HBM Makes Case for Fiber Optical Foundation Monitoring Technology
With first subsidy-free offshore wind projects now on the horizon, the effect of cost reduction efforts becomes more ‘tangible’, as the industry is looking for further solutions that are cost-effective and more advantageous at the same time. HBM, a supplier of foundation monitoring systems including both resistive and fiber-optical strain gauges, has weighed the technical advantages and costs of both technologies, ultimately advocating the use of fiber-optical strain gauges on offshore wind foundations.
“15-25% of the investment cost of offshore wind turbines lies in the foundations,” said Richard Sargeant, HBM’s Engineering Services Manager for North West Europe, referring to a report from the European Environment Agency on environmental and economic constraints in utilising Europe’s onshore and offshore wind energy potential.
“With falling prices there is a greater focus on reducing the cost of these foundations. Revisions of existing foundation designs to save costs means that design calculations need verifying with actual measurements, which can be an expensive exercise in itself,” Sargeant said. “HBM designs, supplies and commissions measurement systems for use in these foundations and now aims to help reduce cost by using optical technology in increasingly innovative ways.”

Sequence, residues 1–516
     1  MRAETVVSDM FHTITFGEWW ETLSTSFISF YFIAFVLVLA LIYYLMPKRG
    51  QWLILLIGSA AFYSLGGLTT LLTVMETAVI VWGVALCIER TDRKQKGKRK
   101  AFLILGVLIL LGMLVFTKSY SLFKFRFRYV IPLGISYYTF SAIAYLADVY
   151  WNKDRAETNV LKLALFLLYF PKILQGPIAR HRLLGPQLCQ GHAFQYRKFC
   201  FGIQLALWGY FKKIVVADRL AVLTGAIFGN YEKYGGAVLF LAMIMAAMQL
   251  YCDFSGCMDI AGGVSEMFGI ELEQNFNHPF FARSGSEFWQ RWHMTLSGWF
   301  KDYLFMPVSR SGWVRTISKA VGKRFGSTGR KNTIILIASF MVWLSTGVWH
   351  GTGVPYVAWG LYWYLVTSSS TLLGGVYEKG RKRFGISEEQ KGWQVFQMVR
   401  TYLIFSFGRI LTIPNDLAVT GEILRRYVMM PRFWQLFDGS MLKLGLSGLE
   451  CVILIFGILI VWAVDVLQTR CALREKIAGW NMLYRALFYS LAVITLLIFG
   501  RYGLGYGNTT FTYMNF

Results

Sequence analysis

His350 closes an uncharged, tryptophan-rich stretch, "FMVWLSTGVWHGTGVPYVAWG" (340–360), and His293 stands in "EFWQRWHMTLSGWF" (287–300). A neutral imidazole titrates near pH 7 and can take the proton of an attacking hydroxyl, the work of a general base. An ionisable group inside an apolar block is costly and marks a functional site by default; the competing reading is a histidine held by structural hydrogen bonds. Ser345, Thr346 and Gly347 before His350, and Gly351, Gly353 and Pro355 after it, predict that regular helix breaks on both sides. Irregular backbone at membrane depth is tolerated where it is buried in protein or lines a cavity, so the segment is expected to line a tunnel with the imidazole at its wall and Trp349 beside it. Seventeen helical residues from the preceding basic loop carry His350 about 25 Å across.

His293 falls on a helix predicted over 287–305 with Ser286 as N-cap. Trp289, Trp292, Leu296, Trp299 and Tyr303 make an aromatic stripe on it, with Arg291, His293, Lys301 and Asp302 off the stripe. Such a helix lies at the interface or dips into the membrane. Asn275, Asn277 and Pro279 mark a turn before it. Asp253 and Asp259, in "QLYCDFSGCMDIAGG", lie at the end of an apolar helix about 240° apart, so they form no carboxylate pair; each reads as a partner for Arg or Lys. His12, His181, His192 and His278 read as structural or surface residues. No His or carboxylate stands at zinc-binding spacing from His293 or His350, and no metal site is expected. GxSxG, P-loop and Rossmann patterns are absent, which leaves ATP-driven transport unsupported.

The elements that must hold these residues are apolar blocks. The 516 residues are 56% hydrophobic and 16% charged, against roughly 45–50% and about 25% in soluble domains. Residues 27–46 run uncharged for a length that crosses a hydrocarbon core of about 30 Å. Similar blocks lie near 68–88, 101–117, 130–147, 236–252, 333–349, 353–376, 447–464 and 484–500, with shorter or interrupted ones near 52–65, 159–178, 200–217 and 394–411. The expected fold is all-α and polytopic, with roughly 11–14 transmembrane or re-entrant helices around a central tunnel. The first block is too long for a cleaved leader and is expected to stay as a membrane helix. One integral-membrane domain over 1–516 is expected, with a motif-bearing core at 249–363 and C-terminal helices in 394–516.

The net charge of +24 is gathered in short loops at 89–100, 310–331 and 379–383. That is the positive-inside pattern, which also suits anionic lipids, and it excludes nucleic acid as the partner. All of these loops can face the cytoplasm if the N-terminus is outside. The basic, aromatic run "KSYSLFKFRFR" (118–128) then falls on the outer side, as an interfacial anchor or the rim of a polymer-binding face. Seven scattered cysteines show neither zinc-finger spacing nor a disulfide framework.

The company had put all the main aspects of using strain gauges on paper and produced a whitepaper discussing both upsides and downfalls of each of the two technologies. As a conclusion, HBM made a case for fiber-optical strain gauges, arguing that fiber-optical technology lends itself well to large structures with many measurement points and, in addition to the technical benefits, brings cost advantages as well.
Despite the fact that the use of fiber-optical technology is not new, there had been a relatively slow uptake in its utilisation for offshore wind turbine foundation monitoring, the company said.
In an industry requiring a design life of perhaps 25 years, with strain gauges often installed in a position unreachable after installation, there can be no room for experimentation, HBM stressed, further discussing the benefit of continued long-term accurate measurement when using fiber-optical technology.
According to the whitepaper, fiber-optical technology – when installed correctly – also provides a cost-effective solution for accurate foundation monitoring with lower installation cost at time of construction. Here, HBM considered installation of a fibre-optical strain gauge by a qualified engineer, which led to 15% lower cost of installation.